BUGS stands for Bayesian inference using Gibbs sampling. It’s a language for specifying complex Bayesian models. WinBUGS and it’s open-source cousin OpenBUGS are perhaps the first and most well-known implementations, but since I started using a Mac I’ve migrated over to JAGS (Just Another Gibbs Sampler) because of it’s cross-platform ease of use. To follow along with the material below you will need to download the software at the links above, and install *R2WinBUGS*, *R2OpenBUGS* and/or *R2jags* packages from CRAN.

WinBUGS was originally distinguished form other implementations of Gibbs sampling by the use of graphical object-oriented internal representations of models called “Doodles”. The “Doodle Editor” allows you to create models graphically and can be very nice to work with, though I don’t know many folks who use it. Most folks find themselves using the the point-and click-approach built into Win/OpenBUGS. This consists of:

- Specifying a model (We’ll talk about this in a moment)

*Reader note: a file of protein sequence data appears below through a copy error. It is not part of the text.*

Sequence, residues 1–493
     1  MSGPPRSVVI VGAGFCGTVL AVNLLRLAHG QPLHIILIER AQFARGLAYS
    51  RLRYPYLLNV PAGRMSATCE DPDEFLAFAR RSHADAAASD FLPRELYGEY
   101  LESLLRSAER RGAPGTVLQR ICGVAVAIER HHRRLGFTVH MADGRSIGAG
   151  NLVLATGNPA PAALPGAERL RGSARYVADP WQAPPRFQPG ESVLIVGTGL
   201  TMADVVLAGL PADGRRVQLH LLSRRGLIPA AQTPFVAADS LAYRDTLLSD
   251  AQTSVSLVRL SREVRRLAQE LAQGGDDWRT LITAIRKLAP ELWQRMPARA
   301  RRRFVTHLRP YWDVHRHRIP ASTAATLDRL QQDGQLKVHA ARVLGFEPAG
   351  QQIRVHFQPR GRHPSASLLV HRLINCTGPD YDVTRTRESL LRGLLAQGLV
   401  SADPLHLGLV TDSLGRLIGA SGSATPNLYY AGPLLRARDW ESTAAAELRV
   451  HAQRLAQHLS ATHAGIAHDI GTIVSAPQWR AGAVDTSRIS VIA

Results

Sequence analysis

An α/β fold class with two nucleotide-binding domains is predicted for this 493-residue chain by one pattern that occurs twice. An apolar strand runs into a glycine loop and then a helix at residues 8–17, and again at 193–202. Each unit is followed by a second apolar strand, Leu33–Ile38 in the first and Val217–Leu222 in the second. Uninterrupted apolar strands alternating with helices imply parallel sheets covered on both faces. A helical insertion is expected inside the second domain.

- Double clicking the word “Model” to select it
- Clicking “Check Model” in the menu (under “Model > Specification…”)
- Look for the message in the lower left hand side of you screen that your “model is syntactically correct”
- Clicking “Compile” (again under under “Model > Specification…”, and again checking the message that your “model compiled”)
- Clicking “load inits” (or “gen inits” if you are allowing WinBUGS to generate initial values for you) under the same menu and looking for the to load or generate initial or starting values for your MCMC algorithm, and again monitoring the response, this time that your “model initialized”
- Loading your data (under the same menu)
- Clicking “Samples” under the “Inference” menu to specify the beginning (“beg”) and ending (“end”) for your the number of iterations or samples on which you want to base your results (here is where you can specify your “burn-in” period)
- Typing the names of the “nodes” (parameters) you want results for in the “Sample Monitor” window, clicking “Set” after entering each node